On December 24, 2020 — exactly nine months after the Committee for Public Counsel Services (CPCS), the Massachusetts Association of Criminal Defense Lawyers (MACDL), and the American Civil Liberties Union of Massachusetts (ACLUM) initially filed an emergency petition imploring the Massachusetts Supreme Judicial Court to take immediate action to limit the spread of COVID-19 by reducing the number of people in the Commonwealth’s jails, prisons, and houses of correction — CPCS, MACDL, and ACLUM filed a complaint for declaratory and injunctive relief before a Single Justice of the Mass. Supreme Judicial Court alleging that Massachusetts sheriffs have shown deliberate indifference to serious risk of medical harm to incarcerated and detained people throughout the Commonwealth, violating the 8th and 14th Amendments to the U.S. Constitution.
Back in March, the Houston Institute represented a group of 14 public health experts as amici curiae in support of the original emergency petition. The letter we filed noted that prisons and jails are particularly dangerous places for rapidly spreading infections; Massachusetts disproportionately incarcerates people who are particularly vulnerable to severe, even life-threatening, cases of COVID-19, whether because of structural racism, disparate incarceration, and inequitable access to healthcare and other social determinants of health, or because of exposure to air pollution, a history of smoking, age, and/or chronic illness; and incarcerated people are especially vulnerable to COVID-19 due to immutable conditions of confinement, well-documented unhygienic environments, and inadequate medical care in carceral facilities. Our conclusion: the safest response is to release as many people as practicable to self-isolate, especially those who are vulnerable due to health or age, and reduce the flow of new people into jails and prisons. In early April, after the case was fully briefed and argued within the span of just ten days, the Supreme Judicial Court agreed and created a process for presumptive releases for certain people held pretrial.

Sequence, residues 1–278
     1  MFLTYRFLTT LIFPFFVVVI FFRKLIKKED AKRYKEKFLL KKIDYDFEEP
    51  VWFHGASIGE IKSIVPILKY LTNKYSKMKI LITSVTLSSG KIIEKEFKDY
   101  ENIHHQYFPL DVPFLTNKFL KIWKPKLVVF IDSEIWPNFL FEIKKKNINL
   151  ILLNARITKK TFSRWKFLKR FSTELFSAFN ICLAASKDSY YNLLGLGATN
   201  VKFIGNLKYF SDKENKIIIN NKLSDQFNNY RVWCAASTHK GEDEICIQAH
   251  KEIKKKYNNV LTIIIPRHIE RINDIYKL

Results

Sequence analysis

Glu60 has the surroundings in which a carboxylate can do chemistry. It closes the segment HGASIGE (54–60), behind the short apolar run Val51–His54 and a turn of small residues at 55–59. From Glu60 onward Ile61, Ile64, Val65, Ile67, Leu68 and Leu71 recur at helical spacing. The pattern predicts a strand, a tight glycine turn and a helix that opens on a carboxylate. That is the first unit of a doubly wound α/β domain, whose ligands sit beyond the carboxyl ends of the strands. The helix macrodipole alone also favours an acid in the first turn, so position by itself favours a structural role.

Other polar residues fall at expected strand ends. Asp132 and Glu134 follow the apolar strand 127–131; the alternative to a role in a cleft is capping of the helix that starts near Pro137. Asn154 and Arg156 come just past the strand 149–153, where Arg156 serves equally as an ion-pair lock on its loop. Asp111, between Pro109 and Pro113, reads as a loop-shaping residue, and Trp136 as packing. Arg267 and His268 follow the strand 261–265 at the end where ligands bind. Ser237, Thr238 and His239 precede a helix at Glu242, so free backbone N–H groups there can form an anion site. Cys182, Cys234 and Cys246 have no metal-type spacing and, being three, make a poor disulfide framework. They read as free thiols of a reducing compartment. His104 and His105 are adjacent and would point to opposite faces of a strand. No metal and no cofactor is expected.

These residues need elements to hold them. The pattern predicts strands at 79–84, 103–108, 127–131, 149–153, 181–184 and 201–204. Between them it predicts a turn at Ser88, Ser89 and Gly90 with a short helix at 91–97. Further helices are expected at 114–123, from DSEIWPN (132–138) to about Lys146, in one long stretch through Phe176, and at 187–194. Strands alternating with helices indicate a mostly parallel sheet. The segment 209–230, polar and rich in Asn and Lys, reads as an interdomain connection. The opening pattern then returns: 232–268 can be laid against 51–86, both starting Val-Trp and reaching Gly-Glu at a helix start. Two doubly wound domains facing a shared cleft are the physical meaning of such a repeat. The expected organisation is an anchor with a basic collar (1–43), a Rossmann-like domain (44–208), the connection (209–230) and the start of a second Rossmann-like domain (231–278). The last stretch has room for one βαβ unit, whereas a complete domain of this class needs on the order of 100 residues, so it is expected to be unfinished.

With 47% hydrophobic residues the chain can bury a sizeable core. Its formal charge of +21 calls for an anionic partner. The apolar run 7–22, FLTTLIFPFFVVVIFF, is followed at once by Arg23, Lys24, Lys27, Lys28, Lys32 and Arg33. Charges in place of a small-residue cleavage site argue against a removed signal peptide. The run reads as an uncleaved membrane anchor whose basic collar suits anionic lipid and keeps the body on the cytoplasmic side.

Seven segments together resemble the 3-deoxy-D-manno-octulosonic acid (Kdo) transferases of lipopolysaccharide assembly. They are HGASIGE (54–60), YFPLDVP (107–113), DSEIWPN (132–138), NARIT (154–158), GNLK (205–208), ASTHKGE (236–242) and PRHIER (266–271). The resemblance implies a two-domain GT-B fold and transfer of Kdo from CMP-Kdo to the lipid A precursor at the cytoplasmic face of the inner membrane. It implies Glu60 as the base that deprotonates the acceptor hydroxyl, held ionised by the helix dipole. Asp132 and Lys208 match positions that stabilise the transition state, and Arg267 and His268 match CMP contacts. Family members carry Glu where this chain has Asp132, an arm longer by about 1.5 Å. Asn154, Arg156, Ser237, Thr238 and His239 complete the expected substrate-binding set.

Nevertheless, nine months later and after two people have died in county jails from COVID-19, the jail population throughout the Commonwealth is higher today than it was when the Supreme Judicial Court first rendered a decision. Accordingly, on Friday, January 15th, we filed another brief as amici curiae on behalf of the same group of public health experts explaining that the pandemic is more dire now than when the court first took action, ensuring access to vaccines for incarcerated people is vital but – especially given legitimate medical distrust among jail populations – vaccines are not a panacea, decarceration remains the gold standard public health intervention in correctional environments, and routine staff testing is a necessary component of risk mitigation to prevent future outbreaks.
Depopulation remains the most effective way to protect public health in congregate environments—especially prisons and jails with limited ventilation, open communal toilets, high concentrations of medically vulnerable and elderly people, deficient medical care, and environments where physical distancing is nearly impossible. Depopulation and vaccination work hand-in-hand. For vaccines to do their job, we need to provide conditions so that they can succeed—chiefly, population decompression to enable physical distancing.
Read our brief: